• The Court found the case at bar indistinguishable from Turner, holding that a "logical and consistent application of Turner demands that proof of alternative facts in conspiracy cases be treated the same as proof of alternative facts in other contexts."

Interestingly, historical—and until a few weeks ago, contemporary—use of the term "alternative facts" is almost exclusively in legal contexts. Also interestingly, Ms. Conway holds a law degree (Juris Doctor with honors from the George Washington University Law School). She also clerked for a Washington DC superior court judge and she is married to a litigation lawyer; so the emergence of the term in in Ms. Conway's thought stream was probably not so much invention as it was retrieval from a dormant memory bank. In law, alternative facts (if supported by evidence) have the possibility of displacing previously claimed facts—which would in turn be discredited, and cease to be facts.

Here is the semantic issue that underlies this media maelstrom: the attribute that makes a statement a fact is its truth value, and the essential truth value of a statement is binary: it is true, or it is not true. For a statement to be a fact, it must be true—at the very least, true at the time of utterance. For statements about events in the past, which is not subject to alteration, the truth value of a fact does not change. This relationship between facts and truth holds in all realms of which we have experience: in logic, in language, and in life. It is not something that you can alter at will. An "alternative fact" cannot exist mutually with another fact that it contradicts; an alternative fact can only be a piece of an alternative reality. Communication in language requires us to agree to a consensus reality; without this, words could not have consensus denotation, and they would become indeterminate in meaning: surely a very bad result for a communication system that depends on words. The ultimate implication our failure to assent to a consensus reality is solipsism, as anthropologist Peter Neil Peregrine argues eloquently in a recent piece on The Conversation, in which he examines recent pronouncements from Trump spokespersons.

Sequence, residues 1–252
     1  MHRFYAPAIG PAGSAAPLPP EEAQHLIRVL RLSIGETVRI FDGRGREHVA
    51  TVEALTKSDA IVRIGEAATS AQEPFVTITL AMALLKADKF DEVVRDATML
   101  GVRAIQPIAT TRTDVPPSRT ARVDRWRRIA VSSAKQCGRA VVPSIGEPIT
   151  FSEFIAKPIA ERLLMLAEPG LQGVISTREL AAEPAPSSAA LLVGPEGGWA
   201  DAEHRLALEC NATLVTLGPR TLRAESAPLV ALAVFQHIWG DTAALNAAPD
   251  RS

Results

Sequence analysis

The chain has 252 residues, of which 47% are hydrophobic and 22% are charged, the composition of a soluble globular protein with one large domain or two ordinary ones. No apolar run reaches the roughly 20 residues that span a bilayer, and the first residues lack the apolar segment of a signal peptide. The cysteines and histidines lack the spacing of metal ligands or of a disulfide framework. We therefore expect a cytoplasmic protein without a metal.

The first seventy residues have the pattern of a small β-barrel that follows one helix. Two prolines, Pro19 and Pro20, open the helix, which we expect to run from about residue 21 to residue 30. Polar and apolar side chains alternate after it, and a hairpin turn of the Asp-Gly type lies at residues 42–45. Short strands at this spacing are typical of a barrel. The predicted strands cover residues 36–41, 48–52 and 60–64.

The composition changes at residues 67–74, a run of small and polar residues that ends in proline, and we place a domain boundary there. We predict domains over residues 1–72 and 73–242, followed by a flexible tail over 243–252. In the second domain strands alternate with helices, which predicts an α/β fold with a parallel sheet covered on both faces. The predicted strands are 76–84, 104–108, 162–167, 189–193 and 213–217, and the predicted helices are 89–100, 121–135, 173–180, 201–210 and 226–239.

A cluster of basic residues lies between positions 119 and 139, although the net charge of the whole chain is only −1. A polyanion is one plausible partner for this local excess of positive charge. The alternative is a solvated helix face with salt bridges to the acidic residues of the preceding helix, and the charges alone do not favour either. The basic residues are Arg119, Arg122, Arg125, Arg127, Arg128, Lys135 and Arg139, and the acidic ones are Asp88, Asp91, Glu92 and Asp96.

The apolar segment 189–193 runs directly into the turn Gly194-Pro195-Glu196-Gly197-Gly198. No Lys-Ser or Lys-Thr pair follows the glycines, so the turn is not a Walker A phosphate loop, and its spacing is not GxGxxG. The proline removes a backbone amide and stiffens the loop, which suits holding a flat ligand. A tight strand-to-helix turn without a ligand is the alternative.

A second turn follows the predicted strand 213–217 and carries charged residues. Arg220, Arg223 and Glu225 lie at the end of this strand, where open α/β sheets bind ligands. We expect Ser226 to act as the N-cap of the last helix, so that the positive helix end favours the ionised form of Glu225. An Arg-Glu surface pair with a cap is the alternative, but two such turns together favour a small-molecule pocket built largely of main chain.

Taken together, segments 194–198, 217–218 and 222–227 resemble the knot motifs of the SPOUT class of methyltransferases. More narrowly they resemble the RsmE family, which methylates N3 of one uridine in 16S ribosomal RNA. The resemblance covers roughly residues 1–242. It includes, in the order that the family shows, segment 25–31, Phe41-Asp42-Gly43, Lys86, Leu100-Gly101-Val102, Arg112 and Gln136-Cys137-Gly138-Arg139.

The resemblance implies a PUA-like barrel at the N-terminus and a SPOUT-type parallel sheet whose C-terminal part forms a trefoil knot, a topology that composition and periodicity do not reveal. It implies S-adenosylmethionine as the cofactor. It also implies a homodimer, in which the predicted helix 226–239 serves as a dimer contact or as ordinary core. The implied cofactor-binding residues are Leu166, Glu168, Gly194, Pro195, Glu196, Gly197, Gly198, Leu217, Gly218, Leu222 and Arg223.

The telling thing about Ms. Conway's alternative facts, in relation to earlier iterations of the term, is that formerly it has always been used in a context in which it is implicit or acknowledged that "alternative facts", if they exist, do so in a provisional way until proven true. The interpretation of a fact may change—that is, implications or ramifications of a fact may be manifold, nuanced, and subject to debate and multiple interpretations—but the fact itself is immutable. Without this quality, the relationship between language and reality as we know it comes into question and there can be no sense of certainty about anything.